Augusta National Golf Club has no official role in formulating the Rules of Golf but it does have considerable influence in golfing circles which is why its contribution to the increasingly acrimonious distance debate was so significant.
The club and ball manufacturers look set to challenge any attempt the R&A and the USGA might make to rein in the modern ball but they will do so in the knowledge that Augusta will be supporting the game’s authorities rather than themselves.
The new Augusta National secretary, Fred Ridley, made the club’s position on distance control crystal clear.
“We are intent on making sure we maintain the design philosophy that Mr Jones and Alister MacKenzie devised,” he said.
“And with the shot values that they thought were important, we have done what we felt was appropriate through the years to maintain that philosophy and those design parameters.
“There’s a great quote from Bobby Jones dealing specifically with the 13th hole, which has been lengthened over time, and he said that the decision to go for the green in two should be a momentous one.
“I would have to say that our observations of these great players hitting middle and even short irons into that hole is not a momentous decision.
“So, we think there is an issue, not only there, but in the game generally, that needs to be addressed.
“The ultimate decision, is going to be, I’m confident, a collective one.
“It’s going to be one where all of the stakeholders involved will look at this issue from a holistic basis and not what might (just) be in the best interests of their own organisation.
“I’m confident that there’s going to be a solution that’s going to work for everyone.”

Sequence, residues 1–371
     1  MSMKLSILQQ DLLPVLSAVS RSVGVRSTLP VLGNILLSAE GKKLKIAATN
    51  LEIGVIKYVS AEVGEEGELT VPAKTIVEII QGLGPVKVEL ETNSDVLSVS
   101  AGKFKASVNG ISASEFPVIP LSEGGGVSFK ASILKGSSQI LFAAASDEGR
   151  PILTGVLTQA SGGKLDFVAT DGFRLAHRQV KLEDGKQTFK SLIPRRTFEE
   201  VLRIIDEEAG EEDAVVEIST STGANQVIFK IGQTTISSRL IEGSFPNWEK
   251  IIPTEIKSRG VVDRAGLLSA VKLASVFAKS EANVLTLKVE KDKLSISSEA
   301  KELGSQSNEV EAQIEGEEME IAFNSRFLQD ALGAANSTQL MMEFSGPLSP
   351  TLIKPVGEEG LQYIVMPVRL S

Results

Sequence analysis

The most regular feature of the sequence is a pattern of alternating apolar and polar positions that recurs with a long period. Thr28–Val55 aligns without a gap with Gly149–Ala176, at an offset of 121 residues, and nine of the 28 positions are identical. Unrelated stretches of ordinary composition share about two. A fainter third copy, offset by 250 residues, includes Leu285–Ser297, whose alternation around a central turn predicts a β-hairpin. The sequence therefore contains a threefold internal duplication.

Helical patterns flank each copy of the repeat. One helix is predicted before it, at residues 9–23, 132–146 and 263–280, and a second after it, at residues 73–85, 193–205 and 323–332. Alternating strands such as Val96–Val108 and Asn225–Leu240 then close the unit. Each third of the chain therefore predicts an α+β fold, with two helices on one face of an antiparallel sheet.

It remains to be seen how the debate pans out but, in the meantime, it came as no surprise to learn that Shinnecock Hills, venue for this year’s US Open, will be 446 yards longer and significantly tighter than when it last staged the championship back in 2004.
This year the par-70 layout will measure 7,445 yards.
There are 17 new back tees, with the largest increases of 76 yards apiece coming at the 519-yard par-4 14th and the 616-yard par-5 16th.
Additionally, several fairways have been re-shaped, with around 50 acres of fairway converted to rough.
That, I’m afraid, is about all the authorities can do at a time when their most recent Distance Report is telling them the average drive on the European Tour, PGA Tour, Japan Golf Tour, Web.com Tour, LPGA Tour, Ladies European Tour and Champions Tour has increased by 3.5 yards since 2016 and that nearly 12 per cent of measured drives on the US and European tours now travel over 300 yards.
This is the sort of barrage that Shinnecock Hills will face when the world’s best players arrive in the second week of June and we can only hope that it is able to withstand it because, if it is ever rendered obsolete, the US Open rota would be much weaker and even more one-dimensional than at present.
Shinnecock Hills is certainly not an archetypal US Open course, and in my opinion is all the better for it.
It is not a links in the true sense of the word, but it does share many of the attributes of the best British and Irish seaside courses and it is blessed with a routing so varied that competitors will continually be facing shots with the wind coming at them from all sorts of different directions.
Ben Hogan, Jack Nicklaus and Phil Mickelson are just a few of the great champions who have lauded it while a few years ago Nick Price made an interesting observation regarding its longevity.
“I think it’s one of the best (US) Open venues, it’s just a wonderful, wonderful test of golf” said the former Open and PGA champion.
“Shinnecock is one of those courses that will withstand the test of time, technology, players’ strengths, you name it.”
Let’s hope the Zimbabwean’s comment is as valid now as it was back then. We are about to find out.